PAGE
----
Election day is right around the corner, and many brands are making their voices heard with election-themed campaigns. Without playing politics, many brands have taken advantage of the top story of the day!
While most Americans may be exasperated from debates, character attacks and endless fundraising emails, brands have struck a more playful – even helpful – sentiment toward the election. PRNEWS recently showcased several memorable campaigns vying for voters’ attention.
You may remember a video going viral during the 2004 presidential election, featuring George W. Bush and John Kerry with big heads and even bigger performances in JibJab, the digital entertainment studio’s political satire, “This Land.”
JibJab now has re-emerged into the political satire spectrum for the first time in six years after it purposely paused those efforts because, according to the company, the environment became too divisive. Its latest video and e-greeting encourages citizens to “Go Vote!”
And from what may be an unexpected source, Lotrimin, a provider of over-the-counter foot care, launched a purpose-driven campaign. And when you think about it, the company actually hit the nail on the head with a very smart campaign that may affect many voters.
Lotrimin’s “stand with confidence” campaign not only acknowledges the brave citizens who may have to stand in line for hours to vote, but also uses the play on words to promote having a voice at the polls.
The new social/digital campaign is inclusive of paid social content (including a series of Instagram and Snapchat filters that will give people a voice and enable them to share what they believe in, such as social justice and healthcare), positioning Lotrimin as an advocate for giving people a platform to share what they care about most this election season.
Never one to be a shrinking violet, Smirnoff’s #DontDrinkAndDebate ads aired during and throughout the month of presidential debates. Famous faces such as actress Laverne Cox and U.S. women’s soccer star Megan Rapinoe remind Americans that discussion of the issues is best done when sober.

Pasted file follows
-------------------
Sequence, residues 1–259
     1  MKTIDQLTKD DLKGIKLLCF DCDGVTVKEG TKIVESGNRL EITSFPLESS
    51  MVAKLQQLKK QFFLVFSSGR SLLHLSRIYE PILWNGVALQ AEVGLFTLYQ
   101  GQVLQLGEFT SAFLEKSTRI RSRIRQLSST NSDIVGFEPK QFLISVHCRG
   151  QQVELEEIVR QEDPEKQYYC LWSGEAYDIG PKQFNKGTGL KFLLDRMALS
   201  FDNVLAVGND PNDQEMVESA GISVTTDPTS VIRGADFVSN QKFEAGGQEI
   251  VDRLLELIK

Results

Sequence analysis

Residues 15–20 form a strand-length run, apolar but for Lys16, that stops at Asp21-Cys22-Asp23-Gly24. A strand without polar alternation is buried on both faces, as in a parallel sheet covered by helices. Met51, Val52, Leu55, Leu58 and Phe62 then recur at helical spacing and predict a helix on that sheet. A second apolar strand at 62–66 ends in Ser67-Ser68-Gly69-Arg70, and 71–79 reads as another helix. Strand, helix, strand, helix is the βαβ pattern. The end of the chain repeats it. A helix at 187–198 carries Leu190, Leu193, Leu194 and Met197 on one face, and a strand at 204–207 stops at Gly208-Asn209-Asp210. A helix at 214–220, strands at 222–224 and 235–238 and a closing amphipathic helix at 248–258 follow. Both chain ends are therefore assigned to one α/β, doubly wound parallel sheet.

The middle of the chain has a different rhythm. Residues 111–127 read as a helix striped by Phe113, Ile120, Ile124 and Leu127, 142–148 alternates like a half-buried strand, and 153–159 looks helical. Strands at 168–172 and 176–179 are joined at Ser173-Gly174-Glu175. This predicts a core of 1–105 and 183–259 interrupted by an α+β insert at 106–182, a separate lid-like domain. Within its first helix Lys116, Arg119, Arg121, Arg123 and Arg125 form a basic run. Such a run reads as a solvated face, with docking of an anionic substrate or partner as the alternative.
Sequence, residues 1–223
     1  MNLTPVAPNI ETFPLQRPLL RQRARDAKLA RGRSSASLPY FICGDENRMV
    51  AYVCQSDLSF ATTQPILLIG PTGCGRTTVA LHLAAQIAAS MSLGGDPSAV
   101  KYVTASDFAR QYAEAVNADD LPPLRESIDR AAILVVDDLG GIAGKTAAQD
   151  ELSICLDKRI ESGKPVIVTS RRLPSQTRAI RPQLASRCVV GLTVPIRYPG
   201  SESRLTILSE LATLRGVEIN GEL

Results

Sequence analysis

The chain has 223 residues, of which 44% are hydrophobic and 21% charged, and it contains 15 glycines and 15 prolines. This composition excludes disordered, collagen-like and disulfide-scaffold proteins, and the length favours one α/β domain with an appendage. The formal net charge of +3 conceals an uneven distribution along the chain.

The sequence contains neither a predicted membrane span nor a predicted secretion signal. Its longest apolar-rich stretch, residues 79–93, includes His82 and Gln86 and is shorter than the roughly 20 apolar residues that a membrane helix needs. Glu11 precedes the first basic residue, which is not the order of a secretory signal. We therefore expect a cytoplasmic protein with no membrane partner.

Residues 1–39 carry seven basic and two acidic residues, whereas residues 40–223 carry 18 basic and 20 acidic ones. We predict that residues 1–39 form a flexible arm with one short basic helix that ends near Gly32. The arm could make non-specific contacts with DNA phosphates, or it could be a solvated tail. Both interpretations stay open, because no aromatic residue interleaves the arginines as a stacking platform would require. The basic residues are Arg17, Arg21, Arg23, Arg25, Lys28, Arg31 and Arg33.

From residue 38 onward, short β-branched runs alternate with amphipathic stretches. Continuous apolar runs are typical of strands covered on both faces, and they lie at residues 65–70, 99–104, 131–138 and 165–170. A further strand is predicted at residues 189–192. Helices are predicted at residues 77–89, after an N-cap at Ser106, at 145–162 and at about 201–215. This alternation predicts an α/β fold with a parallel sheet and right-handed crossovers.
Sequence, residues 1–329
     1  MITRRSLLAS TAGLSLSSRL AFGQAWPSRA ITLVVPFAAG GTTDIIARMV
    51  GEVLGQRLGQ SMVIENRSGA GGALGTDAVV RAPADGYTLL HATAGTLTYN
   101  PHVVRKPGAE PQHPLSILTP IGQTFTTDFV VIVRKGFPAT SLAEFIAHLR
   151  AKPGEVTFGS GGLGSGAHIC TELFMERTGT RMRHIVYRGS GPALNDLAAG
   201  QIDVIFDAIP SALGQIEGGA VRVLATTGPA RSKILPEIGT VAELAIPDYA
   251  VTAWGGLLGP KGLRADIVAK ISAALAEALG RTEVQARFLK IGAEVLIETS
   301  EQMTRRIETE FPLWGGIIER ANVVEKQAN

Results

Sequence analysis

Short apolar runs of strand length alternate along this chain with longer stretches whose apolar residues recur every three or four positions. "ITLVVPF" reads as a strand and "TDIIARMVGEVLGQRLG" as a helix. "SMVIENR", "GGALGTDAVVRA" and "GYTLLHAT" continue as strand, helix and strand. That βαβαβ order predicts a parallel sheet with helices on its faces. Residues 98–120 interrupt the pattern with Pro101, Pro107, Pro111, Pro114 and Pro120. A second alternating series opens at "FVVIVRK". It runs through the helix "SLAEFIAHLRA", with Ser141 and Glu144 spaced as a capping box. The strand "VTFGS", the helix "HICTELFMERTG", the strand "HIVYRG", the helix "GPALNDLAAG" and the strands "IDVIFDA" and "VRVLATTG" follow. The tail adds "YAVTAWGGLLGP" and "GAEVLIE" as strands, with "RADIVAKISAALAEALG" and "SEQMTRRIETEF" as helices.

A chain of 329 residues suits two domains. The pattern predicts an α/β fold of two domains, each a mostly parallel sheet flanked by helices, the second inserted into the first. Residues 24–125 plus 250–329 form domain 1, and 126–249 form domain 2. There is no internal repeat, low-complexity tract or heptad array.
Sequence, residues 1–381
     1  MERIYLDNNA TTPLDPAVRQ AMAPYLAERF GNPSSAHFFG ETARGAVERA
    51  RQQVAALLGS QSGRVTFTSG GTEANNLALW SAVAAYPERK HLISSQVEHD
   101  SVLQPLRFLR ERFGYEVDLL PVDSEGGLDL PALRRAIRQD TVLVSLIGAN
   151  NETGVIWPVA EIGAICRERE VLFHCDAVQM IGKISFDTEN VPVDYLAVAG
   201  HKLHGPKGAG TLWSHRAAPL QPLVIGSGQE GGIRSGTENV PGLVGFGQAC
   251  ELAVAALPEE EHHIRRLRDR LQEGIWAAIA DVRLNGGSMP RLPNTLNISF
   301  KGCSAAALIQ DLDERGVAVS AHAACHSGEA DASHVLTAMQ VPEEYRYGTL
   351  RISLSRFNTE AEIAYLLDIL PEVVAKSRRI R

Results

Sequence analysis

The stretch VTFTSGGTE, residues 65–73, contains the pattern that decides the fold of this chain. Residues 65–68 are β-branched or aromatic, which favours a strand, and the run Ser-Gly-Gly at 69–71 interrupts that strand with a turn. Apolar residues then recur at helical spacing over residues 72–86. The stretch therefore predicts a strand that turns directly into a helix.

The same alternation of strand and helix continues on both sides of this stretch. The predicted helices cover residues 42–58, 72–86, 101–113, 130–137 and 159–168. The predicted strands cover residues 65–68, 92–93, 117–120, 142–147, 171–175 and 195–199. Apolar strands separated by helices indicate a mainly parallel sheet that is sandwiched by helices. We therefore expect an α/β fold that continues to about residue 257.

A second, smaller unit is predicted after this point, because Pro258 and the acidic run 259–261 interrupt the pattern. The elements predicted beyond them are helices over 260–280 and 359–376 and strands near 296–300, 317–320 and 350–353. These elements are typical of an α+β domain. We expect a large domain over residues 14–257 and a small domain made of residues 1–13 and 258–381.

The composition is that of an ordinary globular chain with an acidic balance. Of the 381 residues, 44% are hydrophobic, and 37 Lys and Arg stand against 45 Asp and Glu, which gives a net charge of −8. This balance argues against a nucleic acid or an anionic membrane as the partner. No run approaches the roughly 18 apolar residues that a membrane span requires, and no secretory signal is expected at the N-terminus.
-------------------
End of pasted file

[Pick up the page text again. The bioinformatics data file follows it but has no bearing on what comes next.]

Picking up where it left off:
The most clever line states, “Never drink and bring up Russia,” acknowledging the homeland of many vodka spirits, as well as hinting at the controversial relationship between the country and the U.S. As the ad advises, it’s probably better to drink water.
Walmart Cranks Up Advertising
Walmart Inc is significantly expanding its advertising business, even as a proposed deal to buy a stake in video-sharing app TikTok remains stuck in limbo.
The world’s largest retailer is making better use of its wealth of shopper data to link promotions on its website and app with ads inside its network of 4,700 U.S. stores, according to Reuters interviews with six advertising agencies and Walmart ad tech partners, three major brands plus bankers and ex-employees.
The refocused strategy emerged early last year when Walmart cut ties with its external advertising partner and took the business in-house, calling it Walmart Media Group.
The company bet it could do a better job of bridging online and offline data for its advertisers and give itself a shot at developing an ad platform that could take on Amazon.com Inc, the sources said.
A deal for TikTok, which reaches 100 million U.S. users a month, was supposed to supercharge the strategy by helping Walmart’s ad machine engage with younger audiences that may not shop regularly at Walmart. But the talks to invest in the Chinese-owned TikTok remain shrouded in political uncertainty.
That, however, has not stopped Walmart from moving ahead with its strategy, the advertising agencies and brands said.
Walmart faces a huge task chasing Amazon, which is expected to generate about $13 billion in ads this year according to eMarketer, while it is also battling smaller rivals including Target and Kroger which are building their own ad platforms.